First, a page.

Monday, November 29, 1999

Germany appeals to EU neighbours to back bank levy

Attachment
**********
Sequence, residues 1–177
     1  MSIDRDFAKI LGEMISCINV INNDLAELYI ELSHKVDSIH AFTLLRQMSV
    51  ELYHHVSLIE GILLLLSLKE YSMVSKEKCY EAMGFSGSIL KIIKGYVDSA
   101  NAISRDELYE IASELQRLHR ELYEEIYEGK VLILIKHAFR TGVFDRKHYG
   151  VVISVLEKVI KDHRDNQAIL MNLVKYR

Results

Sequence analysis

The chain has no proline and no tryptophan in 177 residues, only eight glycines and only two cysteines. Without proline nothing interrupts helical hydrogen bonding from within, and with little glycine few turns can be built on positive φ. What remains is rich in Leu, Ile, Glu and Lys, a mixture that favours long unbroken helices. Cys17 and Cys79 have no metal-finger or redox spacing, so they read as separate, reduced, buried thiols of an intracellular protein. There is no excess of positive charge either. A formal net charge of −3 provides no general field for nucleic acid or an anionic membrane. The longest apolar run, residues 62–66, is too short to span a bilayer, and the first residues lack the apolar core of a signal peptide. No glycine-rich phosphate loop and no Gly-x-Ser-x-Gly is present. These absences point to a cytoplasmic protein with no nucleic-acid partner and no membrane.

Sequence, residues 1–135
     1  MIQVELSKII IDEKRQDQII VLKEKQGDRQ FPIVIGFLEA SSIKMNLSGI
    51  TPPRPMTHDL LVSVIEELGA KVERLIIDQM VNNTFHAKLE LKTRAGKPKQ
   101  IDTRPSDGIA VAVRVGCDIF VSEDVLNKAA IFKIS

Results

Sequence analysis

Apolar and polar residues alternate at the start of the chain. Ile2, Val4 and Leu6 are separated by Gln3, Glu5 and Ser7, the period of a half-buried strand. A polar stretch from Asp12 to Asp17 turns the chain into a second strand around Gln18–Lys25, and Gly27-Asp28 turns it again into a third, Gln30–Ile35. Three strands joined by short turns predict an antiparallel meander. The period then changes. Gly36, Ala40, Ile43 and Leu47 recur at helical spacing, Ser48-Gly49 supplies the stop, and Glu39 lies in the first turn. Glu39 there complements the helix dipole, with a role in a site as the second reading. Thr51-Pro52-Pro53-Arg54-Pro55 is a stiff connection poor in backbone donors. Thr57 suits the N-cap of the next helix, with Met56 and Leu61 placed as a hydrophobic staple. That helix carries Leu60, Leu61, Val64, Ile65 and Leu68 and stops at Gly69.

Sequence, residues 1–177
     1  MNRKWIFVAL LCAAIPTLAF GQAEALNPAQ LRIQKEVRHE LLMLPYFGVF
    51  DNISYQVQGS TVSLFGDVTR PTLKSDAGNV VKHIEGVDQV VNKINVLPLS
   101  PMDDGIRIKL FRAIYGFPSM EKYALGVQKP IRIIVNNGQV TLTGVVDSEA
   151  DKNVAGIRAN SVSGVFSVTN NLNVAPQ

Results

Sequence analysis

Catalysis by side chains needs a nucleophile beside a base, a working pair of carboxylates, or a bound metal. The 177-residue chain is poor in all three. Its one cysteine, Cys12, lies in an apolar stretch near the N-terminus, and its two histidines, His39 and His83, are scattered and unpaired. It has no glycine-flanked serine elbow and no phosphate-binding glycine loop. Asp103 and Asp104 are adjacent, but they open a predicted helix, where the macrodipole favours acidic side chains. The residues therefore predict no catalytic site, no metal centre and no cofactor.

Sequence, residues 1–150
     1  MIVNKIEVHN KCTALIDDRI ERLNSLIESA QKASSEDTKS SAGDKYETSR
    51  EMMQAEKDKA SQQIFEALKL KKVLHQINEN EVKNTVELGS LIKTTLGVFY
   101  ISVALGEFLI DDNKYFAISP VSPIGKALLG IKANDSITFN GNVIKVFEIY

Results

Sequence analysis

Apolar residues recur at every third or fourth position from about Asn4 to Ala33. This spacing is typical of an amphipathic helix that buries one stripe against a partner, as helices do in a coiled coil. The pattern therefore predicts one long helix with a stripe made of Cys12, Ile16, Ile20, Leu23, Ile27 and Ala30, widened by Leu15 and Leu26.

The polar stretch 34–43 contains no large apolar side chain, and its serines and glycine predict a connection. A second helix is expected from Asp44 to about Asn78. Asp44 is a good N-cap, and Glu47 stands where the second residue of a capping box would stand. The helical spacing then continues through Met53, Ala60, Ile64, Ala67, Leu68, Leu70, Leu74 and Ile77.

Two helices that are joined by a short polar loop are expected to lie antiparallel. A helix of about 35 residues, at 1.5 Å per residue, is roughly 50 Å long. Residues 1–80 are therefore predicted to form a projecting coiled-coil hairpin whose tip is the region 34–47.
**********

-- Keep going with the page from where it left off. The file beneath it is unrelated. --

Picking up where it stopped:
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German Chancellor Angela Merkel appealed to the rest of the European Union to back plans on Thursday for a levy on the banks she blames for the economic crisis, but divisions remained over how and when to impose it.Merkel made her pitch ahead of a meeting of EU leaders to discuss tightening controls on spending by the bloc's 27 countries as well as to agree on the broad principle of charging banks a crisis tax."We will prepare for the G20 and G8 meetings so that we can go with as united a European position as possible that also covers a bank levy and taxation of financial markets," Merkel said."Germany and France ... are in favour of calling more on those who caused the crisis to pay up."Diplomats prepared a statement backing the principle of a bank levy, which the EU's executive arm has said it could pioneer despite a failure to secure agreement from other global powers to follow suit."The European Council agrees that member states should introduce a levy on financial institutions to ensure that they contribute to the cost of crises," officials wrote in a draft statement from the leaders' meeting.But doubts persist as to whether Europe can agree a detailed code for any levy.Britain, which will introduce its own bank charge, opposes pan-European rules. Ireland is nervous that an extra charge on its banks could exacerbate their difficulties.Commenting on a levy, Austrian Chancellor Werner Faymann said: "I want to push it through on a European level but there are many countries that do not think this."UP IN THE AIREarlier this month, finance ministers from the Group of 20 countries ditched plans for a global bank levy in the face of opposition from Japan, Canada and Brazil, whose lenders came through the credit storm relatively unscathed.This threw down the gauntlet to the European Union to go it alone. That would be challenging because banks in Frankfurt, for example, would argue that they were being put at a disadvantage to rivals in Toronto, which will not charge a levy."It is fair to say that a fairly substantial majority would be in favour but there are many, many issues to be resolved," one diplomat said.His view was echoed elsewhere. "The questions of how to levy, how much and what to do with the money obtained are still very much up in the air," said another.Britain and France would use the money raised for public spending, while Germany wants it ring-fenced for future crises.A financial transaction tax, recently introduced to the debate by Germany, is even more controversial because many believe such curbs in Europe would drive trading to other continents. Britain is opposed to such a measure.Leaders from 20 of the world's most powerful economies, the G20, meet next week in Toronto.But it is unlikely the EU, represented by leaders from French President Nicolas Sarkozy to British Prime Minister David Cameron, each with their own vision of a levy, will overcome the objections of Japan to find a single global approach.Axel Weber, head of Germany's Bundesbank, said the chances for such a global deal were slim.Merkel too is in a weak position to unite, just weeks after she was criticised by neighbours for a surprise ban on some trading, a move which sent markets into a spin and raised tensions between Paris and Berlin.(Editing by John Stonestreet and Dale Hudson)
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